Posts tagged with "thom mayne":

Morphosis Architects created a cloud-like facade using reinforced fiber modules

  • Architects Morphosis
  • Facade Contractors/Suppliers POSCO (Steel Curtain Wall), ALU EnC (Aluminum Curtain Wall), Korea Carbon (GFRP), Korea Tech-Wall (GFRC), Han Glass (Glass), Steel Life (Interior Liner)
  • Facade Consultants Arup, FACO
  • Location Seoul, South Korea
  • Date of Completion 2018
  • System Brise-soleil system on the main, west-facing facade
  • Products Fiber reinforced polymer (FRP) using one of Kolon’s own high-tech fabrics, Aramid
Magok is an emerging techno-industrial hub located on the outskirts of South Korea’s capital, Seoul. In 2013, The Kolon Group—a multinational corporation and leading Korean textile manufacturer—approached Morphosis Architects for a new consolidated headquarters within the district. The goal? A wholly unique design capable of housing the conglomerate’s diverse divisions while showcasing its array of manufactured products.

After half a decade of design and construction, the 820,000-square-foot Kolon One & Only Tower opened on August 23, 2018.

The project follows Founding Principal Thom Mayne’s preference for hyper-engineered, non-traditional forms. Sloped planes and yawning fissures wave across the facade and interior.

Carbon fiber–reinforced concrete piers, rising at acute and obtuse angles, are the primary compressive support for the structure.

The atrium is a vast space measuring approximately 140 feet tall and 330 feet long and provides inward and outward views. Dubbed “The Grand Stair” by the design team, the centrally-placed path of movement is meant to serve as a quasi-public space and a facilitator of vertical and horizontal circulation. Morphosis has lined the entire height of the atrium with 400 fiber-reinforced translucent polymer panels measuring 30 feet wide. Produced by Kolon, the panels are fastened to the interior structure by stainless steel armatures.

The west-facing facade has a dramatic inflection that defines the structure’s exterior. Morphosis describes the main facade as “an interconnected array of sunshades that form a monolithic outer skin, analogous to woven fabric.” The woven embellishment—featuring the Kolon-produced Aramid, a reinforced fiber with a greater tensile strength than iron—was designed parametrically to balance the interior’s need for outward vistas and shading requirements. Stan Su, director of enclosure design at Morphosis, views the sprawling sunscreen as carrying a “cloud-like plasticity in form while maintaining a remarkably high tensile strength.”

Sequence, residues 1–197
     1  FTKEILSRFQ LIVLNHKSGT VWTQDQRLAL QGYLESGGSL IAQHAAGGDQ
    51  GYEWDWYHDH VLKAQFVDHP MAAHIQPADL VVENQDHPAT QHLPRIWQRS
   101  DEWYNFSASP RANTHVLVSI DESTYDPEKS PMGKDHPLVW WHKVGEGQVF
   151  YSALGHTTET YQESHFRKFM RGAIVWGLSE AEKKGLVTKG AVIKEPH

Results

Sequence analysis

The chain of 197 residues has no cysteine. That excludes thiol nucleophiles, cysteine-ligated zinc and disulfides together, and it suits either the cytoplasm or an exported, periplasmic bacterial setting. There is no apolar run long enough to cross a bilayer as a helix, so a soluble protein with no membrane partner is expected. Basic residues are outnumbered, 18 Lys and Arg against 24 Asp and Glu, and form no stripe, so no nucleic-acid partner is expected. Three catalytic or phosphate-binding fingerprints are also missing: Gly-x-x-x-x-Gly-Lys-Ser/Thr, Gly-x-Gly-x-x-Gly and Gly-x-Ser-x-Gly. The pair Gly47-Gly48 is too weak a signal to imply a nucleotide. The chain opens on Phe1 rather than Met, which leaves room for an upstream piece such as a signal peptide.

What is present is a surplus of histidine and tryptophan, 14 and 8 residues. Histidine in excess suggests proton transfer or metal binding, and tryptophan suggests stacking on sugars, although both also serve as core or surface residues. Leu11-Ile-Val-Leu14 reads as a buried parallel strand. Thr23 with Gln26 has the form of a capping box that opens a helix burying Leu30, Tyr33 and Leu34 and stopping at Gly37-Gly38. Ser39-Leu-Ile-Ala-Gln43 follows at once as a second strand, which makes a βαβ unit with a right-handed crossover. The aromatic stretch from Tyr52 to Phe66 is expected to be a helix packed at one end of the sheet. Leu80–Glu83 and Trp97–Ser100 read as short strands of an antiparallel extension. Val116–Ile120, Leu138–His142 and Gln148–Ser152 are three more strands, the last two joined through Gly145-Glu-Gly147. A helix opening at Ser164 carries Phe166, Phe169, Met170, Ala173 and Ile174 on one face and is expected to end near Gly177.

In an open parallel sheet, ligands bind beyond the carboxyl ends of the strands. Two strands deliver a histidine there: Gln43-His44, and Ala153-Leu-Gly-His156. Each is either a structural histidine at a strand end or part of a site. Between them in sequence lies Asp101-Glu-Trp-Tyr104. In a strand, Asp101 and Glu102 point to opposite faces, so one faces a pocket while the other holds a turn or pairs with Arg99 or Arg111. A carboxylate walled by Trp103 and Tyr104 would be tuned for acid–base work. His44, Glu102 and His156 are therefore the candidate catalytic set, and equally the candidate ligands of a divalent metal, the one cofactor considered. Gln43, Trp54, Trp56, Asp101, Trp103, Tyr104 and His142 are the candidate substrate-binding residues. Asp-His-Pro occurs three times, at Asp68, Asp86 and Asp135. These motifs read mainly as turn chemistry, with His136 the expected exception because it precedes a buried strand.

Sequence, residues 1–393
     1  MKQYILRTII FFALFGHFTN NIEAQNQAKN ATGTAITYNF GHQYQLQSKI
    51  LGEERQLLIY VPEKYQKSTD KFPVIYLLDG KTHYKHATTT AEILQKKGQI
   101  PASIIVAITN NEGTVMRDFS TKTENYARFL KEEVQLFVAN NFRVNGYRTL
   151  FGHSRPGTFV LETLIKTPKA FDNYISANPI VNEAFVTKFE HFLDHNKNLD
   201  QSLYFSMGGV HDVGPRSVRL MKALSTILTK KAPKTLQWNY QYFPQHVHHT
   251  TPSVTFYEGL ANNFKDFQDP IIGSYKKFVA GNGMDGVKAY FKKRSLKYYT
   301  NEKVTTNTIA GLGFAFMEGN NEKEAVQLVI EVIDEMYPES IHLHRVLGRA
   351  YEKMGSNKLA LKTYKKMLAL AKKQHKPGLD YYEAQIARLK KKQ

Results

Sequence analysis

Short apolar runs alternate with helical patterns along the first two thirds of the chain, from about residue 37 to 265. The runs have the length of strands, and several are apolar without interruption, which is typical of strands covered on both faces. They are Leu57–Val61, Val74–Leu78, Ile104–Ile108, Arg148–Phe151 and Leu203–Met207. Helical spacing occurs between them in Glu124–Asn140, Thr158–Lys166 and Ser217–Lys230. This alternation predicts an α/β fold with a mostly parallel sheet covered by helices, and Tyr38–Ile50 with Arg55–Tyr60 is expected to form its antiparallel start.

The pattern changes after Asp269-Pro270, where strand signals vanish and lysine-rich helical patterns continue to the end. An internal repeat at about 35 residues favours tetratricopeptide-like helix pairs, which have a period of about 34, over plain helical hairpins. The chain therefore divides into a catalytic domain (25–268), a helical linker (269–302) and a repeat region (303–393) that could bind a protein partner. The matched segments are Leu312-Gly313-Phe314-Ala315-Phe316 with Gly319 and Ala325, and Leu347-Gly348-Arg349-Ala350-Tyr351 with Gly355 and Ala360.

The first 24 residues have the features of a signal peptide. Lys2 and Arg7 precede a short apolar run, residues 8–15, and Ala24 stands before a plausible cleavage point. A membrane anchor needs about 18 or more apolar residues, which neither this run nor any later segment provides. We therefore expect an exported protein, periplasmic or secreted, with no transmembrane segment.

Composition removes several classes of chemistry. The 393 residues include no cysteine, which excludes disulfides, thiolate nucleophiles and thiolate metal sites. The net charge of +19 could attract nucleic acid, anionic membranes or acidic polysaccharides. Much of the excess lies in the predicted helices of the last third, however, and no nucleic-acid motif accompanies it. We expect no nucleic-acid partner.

Each knot of “woven fabric” is fastened to the curtainwall with traditional stainless steel brackets that cut through exterior joints to the steel mullions that ring the structure.

While the western elevation is the primary face of the development, the facility was designed holistically. Stan Su states that “the pared-back embellishment of the three other elevations is a response to their interior functions; lab and office blocks comprise what can be considered the rear of the building.” The curtain wall wrapping these elevations largely consists of Han Glass’s low-iron glass and ALU EnC produced aluminum cladding, a measure to match the clear view and visibility requirements of the client.

In a bid to secure LEED Gold Certification, Morphosis added a number of sustainable and environmentally-friendly interventions; Kolon One & Only Tower is decked with a green roof, solar photovoltaic panels, and geothermal heating and cooling mechanisms. Additionally, Morphosis reduced concrete use by 30 percent through a bubble deck slab system which uses plastic balls as a form of reinforcement. Further projects by Morphosis Architects will be discussed during Facades+ LA October 25-26.

Thom Mayne’s mentoring program is featured in showcase at Pratt